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As the recession shook Americans’ confidence last year, new figures show that weddings for people 18 and older dropped to the lowest point in over a hundred years.
A broad array of new Census Bureau data released Tuesday documents the far-reaching impact of a business slump that experts say technically ended in June 2009: a surging demand for food stamps, considerably fewer homeowners and people doubling up in housing to save money.
The new figures show, among other things, that the number of people getting married fell to a record low level in 2009, with just 52 percent of adults 18 and over saying they were joined in wedlock, compared to 57 percent in 2000.
Marriage rates have been declining for years due to rising divorce and an increase in unmarried couples living together. Demographers say the current downturn may now be causing more younger adults to postpone marriage as many struggle to find work and resist making long-term commitments.
“Given the scope of the recent recession, many more couples are likely to choose cohabitation over marriage in the coming years,” said Mark Mather, associate vice president of the Population Reference Bureau.
On the positive side: Americans spent about 36 minutes fewer minutes in the office per week and were stuck in less traffic, although the reason was largely because millions of them had lost jobs or were scraping by with part-time work.
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The government revealed that the income gap between the richest and poorest Americans grew last year by the largest margin ever, stark evidence of the impact the long recession starting in 2007 has had in upending lives and putting the young at greater risk.
The top-earning 20 percent of Americans â€” those making more than $100,000 each year â€” received 49.4 percent of all income generated in the U.S., compared with the 3.4 percent earned by the bottom 20 percent of wage-earners who fell below the poverty line, according to the newly released Census figures. That ratio of 14.5-to-1 was an increase from 13.6 in 2008 and nearly double a low of 7.69 in 1968.
A different measure, the international Gini index, found U.S. income inequality at its highest level since the Census Bureau began tracking household income in 1967. The U.S. also has the greatest disparity among Western industrialized nations.
At the top, the wealthiest 5 percent of Americans, who earn more than $180,000, added slightly to their annual incomes last year, government data show. Families at the $50,000 median level slipped lower.
Three states — New York, Connecticut and Texas — and the District of Columbia had the largest gaps in rich and poor, disparities that exceeded the national average. Similar income gaps were evident in large cities such as New York, Miami, Los Angeles, Boston and Atlanta, home to both highly paid financial and high-tech jobs as well as clusters of poorer immigrant and minority residents.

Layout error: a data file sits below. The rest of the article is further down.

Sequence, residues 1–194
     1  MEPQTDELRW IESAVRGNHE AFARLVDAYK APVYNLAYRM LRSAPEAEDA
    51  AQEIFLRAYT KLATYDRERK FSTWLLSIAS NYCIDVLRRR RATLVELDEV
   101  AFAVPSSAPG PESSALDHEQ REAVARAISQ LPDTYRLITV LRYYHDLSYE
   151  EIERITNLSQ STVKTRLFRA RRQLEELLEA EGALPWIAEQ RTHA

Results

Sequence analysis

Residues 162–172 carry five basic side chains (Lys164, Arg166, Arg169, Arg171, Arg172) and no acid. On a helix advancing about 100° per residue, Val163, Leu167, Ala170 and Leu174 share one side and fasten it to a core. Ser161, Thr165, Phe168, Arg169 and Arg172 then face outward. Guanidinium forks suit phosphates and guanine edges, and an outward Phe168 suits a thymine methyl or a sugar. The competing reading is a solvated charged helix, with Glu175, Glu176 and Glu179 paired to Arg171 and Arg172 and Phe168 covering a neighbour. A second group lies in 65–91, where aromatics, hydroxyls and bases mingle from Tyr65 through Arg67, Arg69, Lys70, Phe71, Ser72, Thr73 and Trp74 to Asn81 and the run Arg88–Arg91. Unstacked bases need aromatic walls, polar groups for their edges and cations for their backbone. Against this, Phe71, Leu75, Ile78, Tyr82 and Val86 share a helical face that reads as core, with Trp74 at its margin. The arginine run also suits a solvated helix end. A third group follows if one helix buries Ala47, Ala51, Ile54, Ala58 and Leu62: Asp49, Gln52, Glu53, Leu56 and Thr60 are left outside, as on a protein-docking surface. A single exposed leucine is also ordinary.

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On the other end of the scale, Alaska, Utah, Wyoming, Idaho and Hawaii had the smallest income gaps.
“Income inequality is rising, and if we took into account tax data, it would be even more,” said Timothy Smeeding, a University of Wisconsin-Madison professor who specializes in poverty. “More than other countries, we have a very unequal income distribution where compensation goes to the top in a winner-takes-all economy.”
Lower-skilled adults ages 18 to 34 had the largest jumps in poverty last year as employers kept or hired older workers for the dwindling jobs available, Smeeding said. The declining economic fortunes have caused many unemployed young Americans to double-up in housing with parents, friends and loved ones, with potential problems for the labor market if they don’t get needed training for future jobs, he said.
Rea Hederman Jr., a senior policy analyst at The Heritage Foundation, a conservative think tank, agreed that Census data show families of all income levels had tepid earnings in 2009, with poorer Americans taking a larger hit. “It’s certainly going to take a while for people to recover,” he said.
On the issue of marriage among adults 25-34, roughly 46.3 percent reported they had never wed. It was the first time the share of unmarried young adults exceeded the 44.9 percent who were married.
Homeownership declined for the third year in a row to 65.9 percent, after hitting a peak of 67.3 percent in 2006. Residents in crowded housing held steady at 1 percent, the highest since 2004, a sign that people continued to “double up” to save money.
[Related: Census: Record-high gap between rich, poor]
Average commute times edged lower to 25.1 minutes, the lowest since 2006, as fewer people headed to the office in the morning. The share of people who carpooled also declined from 10.7 percent to 10 percent, while commuters who took public transportation were unchanged at 5 percent.
The number of U.S. households receiving food stamps surged by 2 million last year to 11.7 million, the highest level on record, meaning that 1 in 10 families were receiving the government aid. In all, 46 states and the District of Columbia had increases in food stamps, with the largest jumps in Nevada, Arizona, Florida and Wisconsin.
The census figures come weeks before the pivotal Nov. 2 congressional elections, when voters anxious about rising deficits and the slow pace of the economic recovery will decide whether to keep Democrats in power.
The 2009 census tabulations, which are based on pre-tax income and exclude capital gains, are adjusted for household size where data are available. Prior analyses of after-tax income made by the wealthiest 1 percent compared to middle- and low-income Americans have also pointed to a widening inequality gap, but only reflect U.S. data as of 2007.
(Copyright 2010 by The Associated Press. All Rights Reserved.)